The Political Science Distinction Program is aimed at students who excel in political science classes and who want more political science in their lives. Students and faculty hold weekly meetings during which professors or students lead discussions about political science issues, share research or engage in debates over current issues. The program also hosts social events, and when the department hosts speakers on campus, distinction program students have top priority in meeting scholars outside of speaking events.
The distinction program provides more individualized instruction in three areas:
- Weekly meeting: Programming for these meetings varies, but includes roundtable discussions, faculty research presentations, directed readings and student senior thesis presentations. The meetings provide a small-group setting in which students engage with each other and faculty members to discuss and debate intellectually challenging questions of political import.
- Capstone in Political Science: Capstone is a small class comprising only distinction students in which “big questions” in political science are pondered. The theme of the class is “Dilemmas of Democracy” and different faculty rotate teaching this course.
- Senior thesis. The senior thesis is NOT a requirement for distinction students; however, those who decide to write a senior thesis work directly with a faculty mentor on this project. It is an outlet for students to conduct original research on a political question of personal interest, to explore the answer empirically and to produce a work of scholarship that embodies the analytical, research and writing skills they have developed over the course of four years.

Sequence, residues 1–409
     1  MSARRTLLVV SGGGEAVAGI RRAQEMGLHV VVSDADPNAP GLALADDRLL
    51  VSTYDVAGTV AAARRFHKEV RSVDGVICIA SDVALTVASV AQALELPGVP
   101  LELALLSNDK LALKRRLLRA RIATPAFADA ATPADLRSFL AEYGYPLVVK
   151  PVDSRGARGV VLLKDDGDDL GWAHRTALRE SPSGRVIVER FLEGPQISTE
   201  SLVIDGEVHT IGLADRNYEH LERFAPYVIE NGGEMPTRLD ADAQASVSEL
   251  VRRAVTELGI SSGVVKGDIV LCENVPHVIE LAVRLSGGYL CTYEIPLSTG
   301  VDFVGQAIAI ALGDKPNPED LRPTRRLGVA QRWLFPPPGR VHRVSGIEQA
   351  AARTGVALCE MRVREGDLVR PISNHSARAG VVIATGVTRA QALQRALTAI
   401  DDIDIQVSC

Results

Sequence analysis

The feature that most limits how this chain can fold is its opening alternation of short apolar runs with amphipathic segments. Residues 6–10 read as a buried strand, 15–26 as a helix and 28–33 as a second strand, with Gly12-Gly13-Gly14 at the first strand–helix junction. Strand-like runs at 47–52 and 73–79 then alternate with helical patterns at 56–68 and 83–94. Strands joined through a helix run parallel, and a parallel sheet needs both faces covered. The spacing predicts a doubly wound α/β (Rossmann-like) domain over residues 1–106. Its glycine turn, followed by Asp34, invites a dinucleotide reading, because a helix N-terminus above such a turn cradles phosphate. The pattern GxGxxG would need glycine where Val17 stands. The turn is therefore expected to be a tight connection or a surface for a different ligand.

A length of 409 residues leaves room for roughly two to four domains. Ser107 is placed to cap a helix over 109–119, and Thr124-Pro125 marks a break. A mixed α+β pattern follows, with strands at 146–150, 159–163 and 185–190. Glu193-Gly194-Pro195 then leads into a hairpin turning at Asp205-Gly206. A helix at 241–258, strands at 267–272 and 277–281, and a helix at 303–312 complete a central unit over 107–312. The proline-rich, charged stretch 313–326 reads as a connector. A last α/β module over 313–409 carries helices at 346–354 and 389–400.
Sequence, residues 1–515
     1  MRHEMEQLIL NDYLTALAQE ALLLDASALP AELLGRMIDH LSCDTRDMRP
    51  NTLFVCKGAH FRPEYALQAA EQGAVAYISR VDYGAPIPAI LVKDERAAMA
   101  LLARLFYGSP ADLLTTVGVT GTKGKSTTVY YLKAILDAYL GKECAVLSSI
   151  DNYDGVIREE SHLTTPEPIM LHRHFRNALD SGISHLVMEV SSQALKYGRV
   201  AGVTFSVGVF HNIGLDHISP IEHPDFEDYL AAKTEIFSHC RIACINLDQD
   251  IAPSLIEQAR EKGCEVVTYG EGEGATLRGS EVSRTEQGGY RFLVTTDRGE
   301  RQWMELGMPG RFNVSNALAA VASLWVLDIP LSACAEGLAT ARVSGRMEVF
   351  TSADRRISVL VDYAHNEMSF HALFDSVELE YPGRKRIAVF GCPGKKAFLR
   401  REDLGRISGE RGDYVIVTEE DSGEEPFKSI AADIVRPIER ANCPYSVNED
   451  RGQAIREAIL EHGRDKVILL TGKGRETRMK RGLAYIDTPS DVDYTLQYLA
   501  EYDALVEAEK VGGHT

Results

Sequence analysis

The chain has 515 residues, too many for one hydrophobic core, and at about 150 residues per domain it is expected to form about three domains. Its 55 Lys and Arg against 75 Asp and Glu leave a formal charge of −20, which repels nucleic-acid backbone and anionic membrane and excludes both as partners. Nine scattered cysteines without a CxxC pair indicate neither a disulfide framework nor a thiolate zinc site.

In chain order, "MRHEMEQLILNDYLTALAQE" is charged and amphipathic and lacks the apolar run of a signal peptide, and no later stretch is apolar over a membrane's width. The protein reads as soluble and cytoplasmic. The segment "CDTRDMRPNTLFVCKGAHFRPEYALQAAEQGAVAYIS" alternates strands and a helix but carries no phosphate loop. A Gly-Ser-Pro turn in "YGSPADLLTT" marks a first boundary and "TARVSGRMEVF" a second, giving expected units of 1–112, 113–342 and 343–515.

How to apply
Distinction applications are accepted on a rolling basis. Email an unofficial transcript to Dr. Sam Arnold at firstname.lastname@example.org.
You must meet the following requirements:
- Willingness and ability to take on extra intellectual challenges
- Minimum overall GPA of 3.25
- Minimum POSC GPA of 3.5
- At least 30 total credit hours, with six hours in political science at TCU
- No grades below B in any political science course
TCU’s award-winning Model United Nations program is a joint program of Student Development Services and the Department of Political Science. It offers students the opportunity to simulate the workings of the United Nations as representatives of one of the member-states of the UN.
In their capacity as delegates to Model UN conferences, students research the policies of their designated country on a variety of topics, including international trade and development, terrorism, international conflict, weapons of mass destruction, human rights and the environment. Participation in conferences also helps students improve their negotiating, public speaking and writing skills.
TCU regularly attends the National Model United Nations–D.C.conference each fall and the NMUN –New York conference each spring. We also regularly attend international conferences. Previous locations include China, Ecuador, France, Japan, Italy and the Czech Republic. TCU delegations routinely win awards for their participation in MUN conferences.
How to apply